That afternoon Rocket (a 2nd calver) and MiniMag (a first calver) went into labor about the same time. We put them in the calving pen, and later into the barn. Rocket was named by Dani because she was born very quickly—like a rocket, according to Dani. It must be a family trait, because she didn’t have a problem this year and she calved FAST. Last year wasn’t so easy, however. She had twins and they were not presented correctly. We had to go fishing for them and pull both of them (the first one was stuck and the second one was breech). But this year she didn’t even bother to lie down. One minute she was just standing there in the barn and when I came back to check on her 10 minutes later she had already calved (dropping the calf on its head in a heap with its head underneath it’s body). It’s a good thing I checked, because the calf couldn’t breathe like that, and I got it untangled in time, before it suffocated.

MiniMag didn’t calve so easy, however, and we were glad we had her in the barn because her calf was huge and we had to pull it. It’s easier to sneak up on a heifer in the small barn stall and put chains on the calf while she’s lying there laboring. Andrea got the chains on the calf’s legs and Robbie helped us pull the calf—another hard pull. Most of the heifer’s calves have been born easily this year, but some of the Zorro daughters (who were big themselves at birth) have had big calves and needed a little help.

Thursday it rained, but Michael and Robbie went ahead and set the gate post for a new gate in the corner of Ed’s pen (to replace an old panel that’s hard to open). The little walk-through gate is fine for taking Ed in and out, but when we need to take a machine in there to clean the manure out of the pen we need the bigger gate.

That evening it rained more, turning to snow, making it difficult to see the cows from the window. The spotlight doesn’t work very well in a snowstorm. Andrea took a little hay out to them in the middle of the night so the cows would eat and spread out and not be all huddled in a tight group where we couldn’t see whether any of them were calving. She also put new straw out in the 2nd day pen windbreak corners for the new babies so they could lie on something dry and not be so cold and wet.

Dani had a friend overnight. They helped us feed, and played with Deerlings calf

Emily and Robert made a trip to California to see his grandfather, and stopped to see my cousin’s husband, Ray. There was new snow on Donner Pass on their way home, and the road was closed for cars without chains. Since they didn’t have chains they camped in a gas station and slept in their car until the road opened again the next day.

Saturday was cold again. Lynn and I tagged the newest calves. Rosalee started calving so I put her in the calving pen by the house. She took a while, and then was having a little trouble; she got up before the calf was fully born and it hiplocked. Andrea and Robbie had to pull it out – putting the chains above the calf’s knees because the calf was so long, with front feet dragging the ground.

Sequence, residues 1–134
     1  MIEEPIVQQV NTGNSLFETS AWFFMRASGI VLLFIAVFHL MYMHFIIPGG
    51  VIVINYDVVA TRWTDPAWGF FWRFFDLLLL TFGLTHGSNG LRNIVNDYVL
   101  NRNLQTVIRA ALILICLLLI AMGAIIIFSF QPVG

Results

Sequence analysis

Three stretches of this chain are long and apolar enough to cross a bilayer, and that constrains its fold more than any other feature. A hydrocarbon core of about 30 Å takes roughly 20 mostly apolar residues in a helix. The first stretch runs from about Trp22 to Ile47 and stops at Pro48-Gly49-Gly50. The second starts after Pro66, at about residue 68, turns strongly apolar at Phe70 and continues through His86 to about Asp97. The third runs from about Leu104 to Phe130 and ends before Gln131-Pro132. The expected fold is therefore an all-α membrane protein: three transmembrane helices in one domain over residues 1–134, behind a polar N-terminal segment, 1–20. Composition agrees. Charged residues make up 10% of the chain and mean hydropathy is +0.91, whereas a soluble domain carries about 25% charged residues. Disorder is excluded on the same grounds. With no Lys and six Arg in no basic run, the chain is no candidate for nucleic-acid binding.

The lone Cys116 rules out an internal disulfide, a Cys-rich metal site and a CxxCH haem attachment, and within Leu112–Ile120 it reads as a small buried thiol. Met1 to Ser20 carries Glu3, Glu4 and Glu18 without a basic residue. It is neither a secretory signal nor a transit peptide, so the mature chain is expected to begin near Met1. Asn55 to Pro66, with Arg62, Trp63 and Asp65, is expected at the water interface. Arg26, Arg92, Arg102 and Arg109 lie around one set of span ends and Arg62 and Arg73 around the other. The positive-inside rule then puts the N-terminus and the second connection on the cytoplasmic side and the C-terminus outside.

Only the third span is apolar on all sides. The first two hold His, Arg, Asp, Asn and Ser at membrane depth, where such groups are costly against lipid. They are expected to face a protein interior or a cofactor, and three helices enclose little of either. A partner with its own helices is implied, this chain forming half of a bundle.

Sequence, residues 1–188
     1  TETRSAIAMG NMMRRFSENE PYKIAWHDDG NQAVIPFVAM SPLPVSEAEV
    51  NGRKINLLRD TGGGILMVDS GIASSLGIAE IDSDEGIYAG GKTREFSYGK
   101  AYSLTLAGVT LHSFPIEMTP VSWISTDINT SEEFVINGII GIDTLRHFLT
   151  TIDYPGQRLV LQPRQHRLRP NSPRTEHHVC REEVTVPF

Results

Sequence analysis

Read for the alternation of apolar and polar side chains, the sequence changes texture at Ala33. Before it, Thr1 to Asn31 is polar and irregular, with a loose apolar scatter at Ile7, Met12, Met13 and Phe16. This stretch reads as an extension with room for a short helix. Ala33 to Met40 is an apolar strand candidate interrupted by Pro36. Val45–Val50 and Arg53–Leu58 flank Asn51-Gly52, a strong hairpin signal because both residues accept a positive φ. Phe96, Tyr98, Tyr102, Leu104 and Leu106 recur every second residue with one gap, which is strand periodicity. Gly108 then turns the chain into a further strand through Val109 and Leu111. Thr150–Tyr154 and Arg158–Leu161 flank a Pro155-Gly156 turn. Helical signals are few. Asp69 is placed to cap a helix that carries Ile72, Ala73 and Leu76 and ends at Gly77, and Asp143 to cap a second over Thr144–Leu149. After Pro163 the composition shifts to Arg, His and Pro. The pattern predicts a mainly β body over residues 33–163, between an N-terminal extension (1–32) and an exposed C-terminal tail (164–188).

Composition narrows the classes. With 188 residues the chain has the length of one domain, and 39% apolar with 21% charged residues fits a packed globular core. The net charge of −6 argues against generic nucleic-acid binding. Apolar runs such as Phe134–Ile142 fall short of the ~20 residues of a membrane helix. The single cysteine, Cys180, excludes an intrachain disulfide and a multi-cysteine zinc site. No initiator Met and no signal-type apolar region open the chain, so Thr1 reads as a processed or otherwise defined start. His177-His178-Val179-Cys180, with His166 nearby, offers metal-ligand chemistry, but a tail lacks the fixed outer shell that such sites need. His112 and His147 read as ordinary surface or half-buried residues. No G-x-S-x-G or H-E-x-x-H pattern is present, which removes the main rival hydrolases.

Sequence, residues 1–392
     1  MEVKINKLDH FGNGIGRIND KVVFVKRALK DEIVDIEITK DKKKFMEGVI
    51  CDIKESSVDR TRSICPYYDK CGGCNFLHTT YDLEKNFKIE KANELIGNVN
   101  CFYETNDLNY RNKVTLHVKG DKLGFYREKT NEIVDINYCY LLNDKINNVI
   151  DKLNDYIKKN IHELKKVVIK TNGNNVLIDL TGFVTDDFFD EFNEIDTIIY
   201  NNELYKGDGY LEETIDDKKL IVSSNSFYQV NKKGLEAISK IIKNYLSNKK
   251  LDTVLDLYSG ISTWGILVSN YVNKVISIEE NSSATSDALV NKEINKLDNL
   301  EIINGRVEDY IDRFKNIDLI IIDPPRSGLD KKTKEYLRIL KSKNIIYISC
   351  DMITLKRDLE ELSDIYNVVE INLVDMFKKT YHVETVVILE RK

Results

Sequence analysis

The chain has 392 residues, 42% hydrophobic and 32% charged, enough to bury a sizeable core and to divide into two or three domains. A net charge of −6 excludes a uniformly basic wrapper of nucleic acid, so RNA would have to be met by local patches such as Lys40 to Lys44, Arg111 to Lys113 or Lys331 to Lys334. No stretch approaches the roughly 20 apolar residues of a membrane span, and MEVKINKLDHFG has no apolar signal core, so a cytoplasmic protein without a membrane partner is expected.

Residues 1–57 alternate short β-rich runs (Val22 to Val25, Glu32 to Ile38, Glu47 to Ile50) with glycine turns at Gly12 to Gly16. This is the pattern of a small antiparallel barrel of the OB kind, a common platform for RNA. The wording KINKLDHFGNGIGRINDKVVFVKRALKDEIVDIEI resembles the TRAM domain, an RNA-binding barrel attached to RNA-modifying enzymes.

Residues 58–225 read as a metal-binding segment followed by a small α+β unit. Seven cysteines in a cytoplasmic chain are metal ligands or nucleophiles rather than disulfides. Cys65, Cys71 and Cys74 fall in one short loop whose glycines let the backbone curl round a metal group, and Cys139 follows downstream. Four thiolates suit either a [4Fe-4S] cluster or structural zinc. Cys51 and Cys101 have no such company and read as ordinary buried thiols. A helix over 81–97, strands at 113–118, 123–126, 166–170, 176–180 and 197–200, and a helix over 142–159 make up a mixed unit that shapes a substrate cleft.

This is what Rosalee did a few years ago when she was calving the day of Bill’s funeral (Lynn’s brother). I stayed home from the funeral because we realized she was calving, in case she needed help. She had a big bull calf that hiplocked and I had quite a time pulling him on out by myself, but finally managed to do so.

Yesterday was cold again, down to 22 degrees in the morning. Deerling has made a lot of progress and she didn’t try to kick her calf at all after I left them together for the whole time I was doing morning chores, so I just left them together. They are now an official pair! Michael and Robbie finished up the last of the horse pen job, hanging the new gate and putting hot wire along Dottie’s pen.

I cooked supper for everyone that evening when Andrea and Robbie brought the kids home from Mark. After supper they went out to start the tractor (it had been plugged in all day) but it wouldn’t start. The battery was run down, and the battery charger wasn’t enough to get it going soon enough. Michael had to bring his tractor down just before dark to load our feed truck for morning and take a new bale out to the heifers.

This afternoon Andrea and Robbie burned the grass off ditch above the little field where the cows and calves are, so Andrea can start the water through that ditch.

APRIL 24 – Merrinina calved last Tuesday and as soon as her calf nursed a little we moved that pair out of the calving pen to the 2nd-day pen with a shelter--a tarp over one corner--since it was raining. By afternoon it was raining very hard and I went out to herd the cold little calf into the sheltered corner where there was a dry place to lie down.

Buffalooky started calving that evening and we put her in the barn because it was still raining hard. She had a big bull calf. The bulls are still way behind; we have a lot more heifer calves than bulls this year.

Wednesday morning it quit raining so Andrea, Lynn and I tagged and banded Rosalee’s big calf. He was hard for us to put down on the ground to band him (he weighs a lot more than I do because he’s big and was already several days old), but we got it accomplished. At least Rosalee trusts us, and though she hovered over us, mooing, and concerned about her calf, she didn’t try to bash us.